Pancreatic cancer is one of the most deadly cancers. It has a five-year survival of just 3%, and a ten-year survival of less than 1%. The prime reason for these depressing figures is that the disease is very difficult to detect in the early stages. By the time it is detected, it is often incurable. But help may be at hand.
Researchers at the University of Washington have developed an app called BiliScreen that can detect pancreatic cancer at the early stages. A build-up of bilirubin – which causes the eyes and skin to yellow – is one of the early indicators of the disease. The app calculates the amount of bilirubin in the whites of a person’s eyes. The user takes a selfie and a machine-learning algorithm – a type of artificial intelligence – performs the diagnosis.
Bilirubin is produced when the liver breaks down old red blood cells. Jaundice, the yellow discoloration of the skin and sclera (the white part of the eyes), results from an excess of this substance. This discolouration is only visible when jaundice is quite severe. However, BiliScreen produces an estimate of a person’s bilirubin level even at levels too low to be detected by the naked eye.
At the moment, the user of the app needs to use a special box (similar to a VR headset) to block out light from other sources, but the makers of the app hope that future versions won’t need this additional equipment.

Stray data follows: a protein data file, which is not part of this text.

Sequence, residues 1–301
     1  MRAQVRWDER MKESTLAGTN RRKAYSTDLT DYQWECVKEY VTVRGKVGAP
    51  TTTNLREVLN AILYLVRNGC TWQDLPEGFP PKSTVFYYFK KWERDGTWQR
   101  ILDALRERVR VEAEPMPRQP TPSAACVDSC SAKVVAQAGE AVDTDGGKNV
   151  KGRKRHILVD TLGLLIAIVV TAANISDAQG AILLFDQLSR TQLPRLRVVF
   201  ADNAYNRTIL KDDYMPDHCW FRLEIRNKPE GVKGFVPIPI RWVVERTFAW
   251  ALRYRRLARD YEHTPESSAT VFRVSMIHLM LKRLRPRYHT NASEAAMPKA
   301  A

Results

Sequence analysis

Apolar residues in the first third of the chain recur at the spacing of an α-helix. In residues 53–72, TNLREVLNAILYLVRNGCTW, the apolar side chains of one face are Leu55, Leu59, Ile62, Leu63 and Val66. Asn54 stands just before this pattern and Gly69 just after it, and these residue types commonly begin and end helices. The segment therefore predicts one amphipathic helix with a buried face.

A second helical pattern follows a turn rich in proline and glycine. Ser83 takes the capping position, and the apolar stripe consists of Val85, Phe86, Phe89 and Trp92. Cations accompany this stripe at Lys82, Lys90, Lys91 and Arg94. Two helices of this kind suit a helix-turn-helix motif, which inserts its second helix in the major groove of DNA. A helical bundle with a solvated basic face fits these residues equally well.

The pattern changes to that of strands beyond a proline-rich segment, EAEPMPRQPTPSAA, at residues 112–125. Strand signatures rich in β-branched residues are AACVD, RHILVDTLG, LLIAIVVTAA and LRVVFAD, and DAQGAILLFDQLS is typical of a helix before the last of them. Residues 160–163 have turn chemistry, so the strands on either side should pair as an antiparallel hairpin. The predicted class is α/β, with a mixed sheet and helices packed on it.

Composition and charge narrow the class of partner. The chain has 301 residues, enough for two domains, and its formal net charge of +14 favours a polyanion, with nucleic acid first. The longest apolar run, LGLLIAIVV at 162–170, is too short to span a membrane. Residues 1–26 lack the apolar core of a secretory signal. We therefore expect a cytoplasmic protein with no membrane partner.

A clinical study of BiliScreen, involving 70 participants, found that the app has a high sensitivity (90%). This is the ability of a test to correctly identify people with a disease. In this case, 90% of the people with abnormally elevated bilirubin levels were correctly identified. The app also had high specificity, meaning there were few “false positives” – healthy people wrongly identified as having a disease.
An earlier version of the app – called BiliCam – was used to detect jaundice in newborns by taking snapshots of their skin.
Not a doctor
BiliScreen joins a growing list of apps used for diagnosis, including other cancers. For example, there are a number of apps that screen for skin cancer. Some of these apps use fractal geometry to assess the shape of moles.
A scientific review of these melanoma-detecting apps found that some of them have high sensitivity and specificity (73% and 83% respectively). However, the study found that a diagnosis given by a dermatologist and pathologist, if a biopsy is needed, gives a higher sensitivity and specificity – 88% and 97% respectively.
Although diagnostic apps will never take the place of doctors, they can act as useful early detectors of disease. And, in the case of BiliScreen, they are more convenient and less invasive than the usual test for jaundice, which involves a trip to the doctor and a blood draw. But whether people will be disciplined enough to regularly use a growing range of apps to screen for diseases, when they’re feeling in the peak of health, remains to be seen.
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